“Such a waste,” she said again, her eyes trailing up the stairs.
Marcus just shook his head and said, “Well, I was glad to help steward his work while he was making it. Proud. A great artist.”
Shawna nodded, and then said quietly, “And his final work is upstairs?”
Marcus looked at her, and then craned his neck to look at the stairs.
“I hadn’t thought of that. His final work.”
They were quiet for a moment, and then Shawna said, “Can we go up and look at it? I mean, you did bring me here to show me a painting.”
Marcus smiled and nodded. Shawna led the way.
Passing the first floor ceiling, they emerged into a wide-open creative space dominated by 11 paintings held by massive wooden easels on wheels. The large piece they’d come to see stood alone against the far wall, while the remaining paintings held their own space along the adjacent wall. Opposite that stood a single painting in front of a worktable of paints and brushes. Behind them were two doors, one of which presumably led to the bathroom.
She immediately walked to the large painting, drawn in by its power and terrible angst. The paintings had been produced at the same time as those at the gallery, and Marcus had hired an art student to paint all of them for $3,000, materials included. The kid spent half his take on speed and finished the paintings in about a week, roughly three months earlier.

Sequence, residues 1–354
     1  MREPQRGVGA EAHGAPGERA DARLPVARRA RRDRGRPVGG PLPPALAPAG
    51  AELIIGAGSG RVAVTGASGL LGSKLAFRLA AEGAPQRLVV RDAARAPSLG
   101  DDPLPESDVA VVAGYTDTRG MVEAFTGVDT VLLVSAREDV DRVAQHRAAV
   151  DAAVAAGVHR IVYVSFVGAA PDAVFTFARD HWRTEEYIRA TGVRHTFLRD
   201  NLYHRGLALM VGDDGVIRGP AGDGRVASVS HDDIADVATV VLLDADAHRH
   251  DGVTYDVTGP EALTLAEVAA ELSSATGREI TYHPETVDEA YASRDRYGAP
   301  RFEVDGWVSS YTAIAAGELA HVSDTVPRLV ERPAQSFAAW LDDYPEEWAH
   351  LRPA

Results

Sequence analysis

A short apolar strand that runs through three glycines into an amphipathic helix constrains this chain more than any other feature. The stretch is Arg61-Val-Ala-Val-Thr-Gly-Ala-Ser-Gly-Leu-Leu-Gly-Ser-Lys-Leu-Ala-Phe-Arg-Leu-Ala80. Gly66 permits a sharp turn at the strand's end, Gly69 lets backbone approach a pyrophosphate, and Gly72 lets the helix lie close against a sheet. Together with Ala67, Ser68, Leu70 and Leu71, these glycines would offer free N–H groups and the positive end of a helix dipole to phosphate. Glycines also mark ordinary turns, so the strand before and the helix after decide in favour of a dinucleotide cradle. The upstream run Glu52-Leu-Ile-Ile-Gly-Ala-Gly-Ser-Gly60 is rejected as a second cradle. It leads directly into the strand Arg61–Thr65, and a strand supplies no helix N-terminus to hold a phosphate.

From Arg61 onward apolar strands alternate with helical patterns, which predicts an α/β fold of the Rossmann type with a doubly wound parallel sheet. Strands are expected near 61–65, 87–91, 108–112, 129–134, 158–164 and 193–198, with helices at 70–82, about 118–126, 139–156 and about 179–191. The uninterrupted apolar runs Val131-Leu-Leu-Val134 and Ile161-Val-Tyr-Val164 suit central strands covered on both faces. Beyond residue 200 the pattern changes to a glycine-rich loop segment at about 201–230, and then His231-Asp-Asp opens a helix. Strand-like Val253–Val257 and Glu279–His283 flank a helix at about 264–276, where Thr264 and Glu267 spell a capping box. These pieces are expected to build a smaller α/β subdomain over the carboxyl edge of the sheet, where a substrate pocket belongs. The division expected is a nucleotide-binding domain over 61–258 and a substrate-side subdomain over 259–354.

“My God,” Shawna whispered in awe. “There’s so much pain here.”
Where the gallery paintings had been full of hard edges, these explosions were more fluid, more chaotic, more frenzied. Shawna McLeary didn’t know anything about art, but she trusted her heart, and she was beginning to fall in love with this painting. She turned to the others and fell in love with them as well. They were masterpieces.
Plus, she reasoned, at this point they must be worth a fortune.
Marcus stood at her side waiting for the wheels in her brain to turn all the way.
“What happens to the paintings now?”
And there it was. The final turn.
Marcus shrugged, exhaled, and said, “I hadn’t even thought of that. What happens indeed?” He rubbed his mouth and studied the ceiling. “As far as I know, his only family is his sister, so it will be up to her.”
“Will you still be able to sell them?”
He shook his head. “Not unless she hires me. My agreement with Edgardo ends with his death. Ended, I guess. But I don’t think she’ll sell. I’m quite sure she’ll keep them, if only to let the value increase now that he’s dead.”
Shawna nodded, and suddenly wanted the paintings more than she’d wanted anything in her life.
“How high will it go?”
“Hard to say. This collection was to be listed at nearly $500 grand, and that will probably double immediately, and then it will probably double again over the next decade. Depends on the market. But yes, she will do well whenever she sells this collection.”